By Janice Reid
DIFFICULTIES IN ACCESSING OUR PUBLIC LANDS ARE ON the rise. Public land management agencies invite the public to comment on their management actions, but in many cases, especially in the landscape of checkerboard ownership patterns on the O&C lands, access to these lands takes quite a bit of effort and time.
Gate construction has increased substantially over the last ten years, and whole drainages are now off-limits to motorized traffic. People want to be out in nature. However, only those interested in destructive activities seem to be able to gain access. Some inconsiderate off-road vehicle users can gain access and damage the resource without impunity. Prospective purchasers of timber sales are allowed to check out keys to the gates, but those who want to comment on a project are prevented from driving to the site. If you are a friend or retiree of a timber company, you will probably have no problem getting a gate key. Wealth, influence, and connections are now necessary to access our public lands.
In the Archie Creek Fire area, we have so far been able to access areas and evaluate the activities and projects on public lands. We increasingly began to see more gates in new places, frequently erected on public land. The reason for the gates is not to protect the public from “hazard” trees. Lands behind the gate are already harvested, and then the gate is installed, preventing us from evaluating post-harvest projects. Admittedly, trash dumped from forest roads has become a great problem. Still, those areas are usually close to towns and rural communities.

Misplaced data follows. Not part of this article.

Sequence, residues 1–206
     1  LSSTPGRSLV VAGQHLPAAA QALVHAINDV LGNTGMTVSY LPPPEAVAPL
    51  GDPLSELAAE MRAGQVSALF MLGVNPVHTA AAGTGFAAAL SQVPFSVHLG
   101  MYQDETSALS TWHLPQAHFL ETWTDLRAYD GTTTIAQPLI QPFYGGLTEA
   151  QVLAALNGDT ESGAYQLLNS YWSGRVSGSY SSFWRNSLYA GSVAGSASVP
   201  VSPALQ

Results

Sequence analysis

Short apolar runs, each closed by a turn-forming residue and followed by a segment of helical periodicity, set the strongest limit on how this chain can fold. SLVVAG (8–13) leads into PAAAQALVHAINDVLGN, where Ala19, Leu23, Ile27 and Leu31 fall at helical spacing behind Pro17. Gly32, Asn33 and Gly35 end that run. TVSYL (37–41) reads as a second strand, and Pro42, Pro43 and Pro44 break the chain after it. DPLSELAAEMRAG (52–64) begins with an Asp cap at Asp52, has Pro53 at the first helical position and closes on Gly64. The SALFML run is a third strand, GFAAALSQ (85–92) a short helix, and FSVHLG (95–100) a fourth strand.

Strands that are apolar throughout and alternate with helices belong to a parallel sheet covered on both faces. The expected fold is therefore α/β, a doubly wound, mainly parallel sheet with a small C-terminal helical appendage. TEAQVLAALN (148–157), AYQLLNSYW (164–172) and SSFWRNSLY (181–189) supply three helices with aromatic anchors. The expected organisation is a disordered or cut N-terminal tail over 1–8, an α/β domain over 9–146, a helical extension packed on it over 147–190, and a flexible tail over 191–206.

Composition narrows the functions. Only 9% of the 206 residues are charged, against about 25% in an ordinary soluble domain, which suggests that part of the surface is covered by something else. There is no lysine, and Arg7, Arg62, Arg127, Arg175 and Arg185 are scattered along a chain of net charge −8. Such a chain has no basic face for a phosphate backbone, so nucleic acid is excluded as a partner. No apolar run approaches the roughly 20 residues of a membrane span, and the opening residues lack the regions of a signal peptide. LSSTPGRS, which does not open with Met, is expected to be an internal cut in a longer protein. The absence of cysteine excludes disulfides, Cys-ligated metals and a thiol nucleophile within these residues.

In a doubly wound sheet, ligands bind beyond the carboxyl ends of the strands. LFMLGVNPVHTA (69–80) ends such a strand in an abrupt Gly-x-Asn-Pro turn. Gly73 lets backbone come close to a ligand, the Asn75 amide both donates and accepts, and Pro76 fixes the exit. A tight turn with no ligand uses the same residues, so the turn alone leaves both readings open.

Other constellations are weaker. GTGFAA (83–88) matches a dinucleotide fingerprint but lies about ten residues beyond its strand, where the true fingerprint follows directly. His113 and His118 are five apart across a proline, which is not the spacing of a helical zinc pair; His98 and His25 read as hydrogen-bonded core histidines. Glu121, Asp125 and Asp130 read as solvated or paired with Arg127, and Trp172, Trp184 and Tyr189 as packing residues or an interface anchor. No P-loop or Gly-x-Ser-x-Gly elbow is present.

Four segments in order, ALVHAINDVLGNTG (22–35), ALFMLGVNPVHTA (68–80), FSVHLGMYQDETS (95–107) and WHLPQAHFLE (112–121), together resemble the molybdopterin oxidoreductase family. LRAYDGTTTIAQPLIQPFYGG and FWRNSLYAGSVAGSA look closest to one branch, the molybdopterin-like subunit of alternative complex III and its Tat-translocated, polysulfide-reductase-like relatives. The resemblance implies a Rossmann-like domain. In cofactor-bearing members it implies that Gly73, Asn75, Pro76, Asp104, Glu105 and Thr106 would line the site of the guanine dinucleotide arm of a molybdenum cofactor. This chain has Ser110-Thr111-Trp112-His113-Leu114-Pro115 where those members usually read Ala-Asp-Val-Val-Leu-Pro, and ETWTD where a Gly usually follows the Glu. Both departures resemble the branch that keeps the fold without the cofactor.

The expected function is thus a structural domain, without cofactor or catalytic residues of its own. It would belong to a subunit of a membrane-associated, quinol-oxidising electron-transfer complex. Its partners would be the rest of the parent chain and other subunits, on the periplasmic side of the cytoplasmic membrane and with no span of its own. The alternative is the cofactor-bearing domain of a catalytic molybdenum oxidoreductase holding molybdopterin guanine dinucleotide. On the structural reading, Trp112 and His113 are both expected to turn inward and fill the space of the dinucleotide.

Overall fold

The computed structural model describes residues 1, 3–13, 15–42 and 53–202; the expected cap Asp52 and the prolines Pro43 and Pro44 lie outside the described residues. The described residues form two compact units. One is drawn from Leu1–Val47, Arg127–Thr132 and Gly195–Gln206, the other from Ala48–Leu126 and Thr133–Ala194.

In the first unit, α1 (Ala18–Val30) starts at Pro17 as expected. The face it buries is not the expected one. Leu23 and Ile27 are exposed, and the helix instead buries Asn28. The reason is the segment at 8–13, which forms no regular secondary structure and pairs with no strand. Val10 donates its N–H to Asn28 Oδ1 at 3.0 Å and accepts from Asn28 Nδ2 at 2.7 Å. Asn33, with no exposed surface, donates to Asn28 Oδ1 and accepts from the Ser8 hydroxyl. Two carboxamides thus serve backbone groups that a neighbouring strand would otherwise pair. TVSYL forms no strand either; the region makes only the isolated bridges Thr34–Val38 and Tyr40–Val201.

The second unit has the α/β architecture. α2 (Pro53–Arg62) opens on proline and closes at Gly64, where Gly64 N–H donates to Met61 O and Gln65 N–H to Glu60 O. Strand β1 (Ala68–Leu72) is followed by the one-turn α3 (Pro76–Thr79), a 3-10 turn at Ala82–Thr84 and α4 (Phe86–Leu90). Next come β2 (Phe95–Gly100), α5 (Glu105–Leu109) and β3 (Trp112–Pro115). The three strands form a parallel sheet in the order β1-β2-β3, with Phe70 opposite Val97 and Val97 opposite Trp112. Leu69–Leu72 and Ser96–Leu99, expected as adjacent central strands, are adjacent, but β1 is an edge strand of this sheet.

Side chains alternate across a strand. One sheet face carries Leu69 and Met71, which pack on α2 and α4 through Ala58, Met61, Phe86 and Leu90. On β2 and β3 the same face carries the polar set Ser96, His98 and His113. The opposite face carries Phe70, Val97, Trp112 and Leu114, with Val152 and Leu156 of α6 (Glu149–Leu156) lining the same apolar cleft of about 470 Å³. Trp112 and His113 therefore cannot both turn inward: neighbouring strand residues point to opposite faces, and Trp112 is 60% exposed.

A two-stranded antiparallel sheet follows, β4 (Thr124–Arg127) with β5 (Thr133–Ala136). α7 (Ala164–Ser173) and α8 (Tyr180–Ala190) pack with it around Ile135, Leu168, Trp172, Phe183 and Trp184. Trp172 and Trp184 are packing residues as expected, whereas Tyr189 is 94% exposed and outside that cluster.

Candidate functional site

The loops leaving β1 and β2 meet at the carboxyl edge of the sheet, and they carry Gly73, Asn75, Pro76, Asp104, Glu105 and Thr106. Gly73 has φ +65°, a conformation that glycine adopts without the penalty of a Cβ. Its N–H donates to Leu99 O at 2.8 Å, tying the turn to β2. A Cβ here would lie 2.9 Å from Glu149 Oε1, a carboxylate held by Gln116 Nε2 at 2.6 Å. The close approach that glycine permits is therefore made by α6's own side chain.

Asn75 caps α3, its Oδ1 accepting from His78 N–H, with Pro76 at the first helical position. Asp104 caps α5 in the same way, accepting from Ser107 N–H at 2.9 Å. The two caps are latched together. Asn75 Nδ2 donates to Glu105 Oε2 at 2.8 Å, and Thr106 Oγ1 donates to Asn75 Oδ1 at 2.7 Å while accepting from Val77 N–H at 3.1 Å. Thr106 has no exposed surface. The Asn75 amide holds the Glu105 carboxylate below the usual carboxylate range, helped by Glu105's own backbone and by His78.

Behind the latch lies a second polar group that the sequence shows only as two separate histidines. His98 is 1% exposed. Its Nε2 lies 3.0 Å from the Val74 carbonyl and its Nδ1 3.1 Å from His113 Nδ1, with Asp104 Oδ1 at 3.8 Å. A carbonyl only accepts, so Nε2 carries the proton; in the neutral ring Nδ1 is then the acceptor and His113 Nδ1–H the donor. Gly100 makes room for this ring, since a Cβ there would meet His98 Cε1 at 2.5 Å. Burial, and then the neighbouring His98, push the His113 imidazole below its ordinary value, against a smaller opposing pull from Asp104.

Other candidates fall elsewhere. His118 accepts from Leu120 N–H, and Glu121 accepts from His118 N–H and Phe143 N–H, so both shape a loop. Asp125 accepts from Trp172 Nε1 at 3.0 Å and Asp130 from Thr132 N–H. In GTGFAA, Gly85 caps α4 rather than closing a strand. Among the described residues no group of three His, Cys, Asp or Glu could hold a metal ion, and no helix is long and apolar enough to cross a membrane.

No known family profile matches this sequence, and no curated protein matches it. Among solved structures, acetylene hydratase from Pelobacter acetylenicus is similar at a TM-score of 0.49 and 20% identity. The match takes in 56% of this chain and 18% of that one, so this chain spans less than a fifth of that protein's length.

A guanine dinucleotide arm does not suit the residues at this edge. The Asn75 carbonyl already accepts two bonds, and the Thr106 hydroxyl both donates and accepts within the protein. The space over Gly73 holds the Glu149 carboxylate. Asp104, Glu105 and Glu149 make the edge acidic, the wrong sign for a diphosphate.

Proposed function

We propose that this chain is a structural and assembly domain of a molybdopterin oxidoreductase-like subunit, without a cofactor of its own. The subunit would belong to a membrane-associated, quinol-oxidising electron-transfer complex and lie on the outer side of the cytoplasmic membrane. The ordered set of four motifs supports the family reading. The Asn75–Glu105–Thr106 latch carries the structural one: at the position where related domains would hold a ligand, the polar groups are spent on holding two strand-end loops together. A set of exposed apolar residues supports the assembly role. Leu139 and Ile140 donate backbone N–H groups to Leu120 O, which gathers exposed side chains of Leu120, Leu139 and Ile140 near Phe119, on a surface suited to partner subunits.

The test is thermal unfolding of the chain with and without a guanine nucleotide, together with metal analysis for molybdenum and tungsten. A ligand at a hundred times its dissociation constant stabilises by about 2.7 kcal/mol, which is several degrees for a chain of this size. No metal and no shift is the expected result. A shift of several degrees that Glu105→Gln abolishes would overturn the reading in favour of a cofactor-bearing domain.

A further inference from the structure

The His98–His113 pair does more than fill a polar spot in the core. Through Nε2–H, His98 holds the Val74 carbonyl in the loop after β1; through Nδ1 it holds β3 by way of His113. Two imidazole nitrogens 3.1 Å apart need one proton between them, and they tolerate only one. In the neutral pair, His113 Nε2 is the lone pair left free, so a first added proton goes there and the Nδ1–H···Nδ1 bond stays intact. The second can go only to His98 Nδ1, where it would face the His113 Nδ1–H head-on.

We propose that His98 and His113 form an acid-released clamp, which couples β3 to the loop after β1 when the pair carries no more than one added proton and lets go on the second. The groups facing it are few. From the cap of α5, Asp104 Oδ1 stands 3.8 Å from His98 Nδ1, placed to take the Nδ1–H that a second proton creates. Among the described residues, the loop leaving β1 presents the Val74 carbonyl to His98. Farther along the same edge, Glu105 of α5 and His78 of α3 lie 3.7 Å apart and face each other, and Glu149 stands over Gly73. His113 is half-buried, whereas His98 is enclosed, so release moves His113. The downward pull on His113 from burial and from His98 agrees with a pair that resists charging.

In some neighboring states, hunters face the same access issues to public land. As wealthier individuals purchase surrounding lands, community connections and cooperation are getting lost. Court cases and lawsuits have arisen from hunters and recreationists utilizing extreme measures, such as “corner crossing,” to gain access. These wealthy plaintiffs claim to own the airspace above their land and thus can claim trespass if even an arm passes over the private landowner’s property. Can this affect airline traffic, small plane operation, drone flights, and more? How absurd. You can read more about it here.
Now, I don’t mind walking. My team and I have walked many miles on public land. It is the time involved that is at issue. Driving time plus walking time to some of these sites leaves little time to evaluate the project at the stand level. I worked for over 30 years for the federal government. Yet, I have no wealth, influence, or connections to acquire access to the lands I spent 30 years walking, driving, and studying. Gates are making it nearly impossible for our team to continue to monitor public land projects effectively, and for us to have “standing” in any legal challenges, but maybe that is the point. Our organization is not out there to extract the resource, damage the landscape, or dump the trash, yet we are the ones denied access.
Perhaps there should be a way to establish access to public land as volunteers or utilize a memorandum of understanding. After all, we have been invited to participate in the planning and implementation of projects on our public land.